HAMMOND – With three town council members supporting recommendations made by the wind advisory committee, it’s likely that an Iberdrola Renewables-built wind farm is not in the cards for the town.
A recent letter to the town board from an Iberdrola representative indicated that adoption of the committee-proposed real property value guarantee agreement would effectively kill the proposed 75-turbine Stone Church Wind Farm.
Written by Richard K. Champney, a Pulaski real estate attorney and wind committee member, the proposal calls for assurances from a wind developer that if a property owner cannot get at least the appraised value of a home at sale because of the presence of wind turbines, the wind company is required to make up the difference. The proposal also requires the company to buy out property owners opposed to living near turbines.
“In talking with many people around town, it seems to set their minds at ease,” Councilman Douglas E. Delosh said of property value proposal. “If this industry does come, and it does affect property values, they have an out. This is tremendously important. People have a lot of money invested in their homes.”
Other recommendations include much stricter setbacks, a multi-faceted set of noise standards developed by acoustical engineer Dr. Paul D. Schomer, a decommissioning plan, and the development of a Variance and Project Oversight Board.
Proposed noise limits are 45 decibels (dB) from 7 a.m. to 7 p.m., comparable to the sound of a crowded room, 40 dB from 7 to 10 p.m.; and 35 dB from 10 p.m. to 7 a.m.
“I pretty much agree with all of the committee’s recommendations,” Mr. Delosh said. “Especially with the decommissioning proposal. If something happens down the road and these things are left dormant and leaking who knows what, we have to take care of ourselves.”
The town’s proposed law governing wind development since it was first adopted in 2008 has been challenged in court, scrapped, and adopted again just before the board changed membership after the 2009 elections. The new board has twice placed a moratorium on wind development, and a finalized wind law remains in limbo. Town officials continue to review the town wind advisory committee’s recommended changes to the law.
The current moratorium expires in July.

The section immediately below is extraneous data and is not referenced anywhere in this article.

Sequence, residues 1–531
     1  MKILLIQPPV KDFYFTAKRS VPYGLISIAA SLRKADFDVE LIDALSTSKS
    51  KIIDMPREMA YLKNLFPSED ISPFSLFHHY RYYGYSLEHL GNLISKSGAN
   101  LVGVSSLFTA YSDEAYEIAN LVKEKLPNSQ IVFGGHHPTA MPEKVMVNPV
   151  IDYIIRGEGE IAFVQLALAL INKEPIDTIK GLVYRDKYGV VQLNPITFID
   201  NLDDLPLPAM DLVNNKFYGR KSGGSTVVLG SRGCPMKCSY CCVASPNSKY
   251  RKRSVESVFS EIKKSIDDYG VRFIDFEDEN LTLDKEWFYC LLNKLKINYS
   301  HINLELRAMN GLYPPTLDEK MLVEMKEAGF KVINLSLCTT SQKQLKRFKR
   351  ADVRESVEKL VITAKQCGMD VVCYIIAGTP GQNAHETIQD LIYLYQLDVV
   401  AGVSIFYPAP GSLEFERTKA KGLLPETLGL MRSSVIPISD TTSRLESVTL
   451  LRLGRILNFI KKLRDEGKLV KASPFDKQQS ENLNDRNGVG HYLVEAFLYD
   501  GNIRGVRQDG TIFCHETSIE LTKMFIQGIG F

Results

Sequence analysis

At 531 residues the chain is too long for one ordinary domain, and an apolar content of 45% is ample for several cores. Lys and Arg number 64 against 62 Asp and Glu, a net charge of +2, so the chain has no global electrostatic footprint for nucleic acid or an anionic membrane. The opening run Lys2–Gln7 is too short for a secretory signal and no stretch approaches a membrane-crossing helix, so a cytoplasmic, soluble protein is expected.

“When it comes right down to it, it was a good law to start with,” said Town Councilman James E. Langtry, one of two town board members who passed the original wind law in 2008.
Mr. Langtry has recused himself from discussing wind-related issues at town board meetings. His sister, Susan Dunham, has a signed lease with Iberdrola Renewables.
He said the actions of the town’s three newest councilmen, Mr. Delosh, Town Supervisor Ronald W. Bertram and Dr. James R. Tague, have cost the town time, money and created a huge, avoidable headache.
“This group came in, renamed and rewrote the law from beginning to end. Not much was left. It’s a disservice to this community if they adopt the committee’s recommendations,” Mr. Langtry said.
With Mr. Langtry and fellow Councilman James Pitcher, a wind lease holder, recused from the discussion, it’s up to Mr. Bertram, Mr. Delosh and Dr. Tague to review the committee’s recommendations.
Mr. Pitcher could not be reached for comment.
Dr. Tague said he respects the work the wind committee did.
“The committee was a group of community members with different backgrounds,” he said. “They conducted an exhaustive study with the most current information and came up with majority decisions on some very tough subjects. I have similar conclusions.”
Mr. Langtry said the committee was hand-picked in the first place by wind opponents on the town board.
“I’ve had a problem with the wind committee selection since the beginning,” he said. “Ten people with nine against? Why so against? There was a lot of talk both ways during the interview process and then, what, they’re all against?”
The town board will hold a regularly scheduled meeting Monday at 7 p.m. in the town offices at 17 North Main St., with special meetings called for reviewing wind committee recommendations on both April 18 and April 25, same time and place.
Mr. Bertram said he does not support additional moratoriums.
“The public deserves a decision,” he said.
He also said he remains skeptical about the industry as a whole.
“I’m not convinced that the science behind wind turbines is right for this country, let alone this town. It should be fairly obvious, if you speak to me, to realize I’m not convinced they work,” he said. “When the wind doesn’t blow, energy production has to come from somewhere.”
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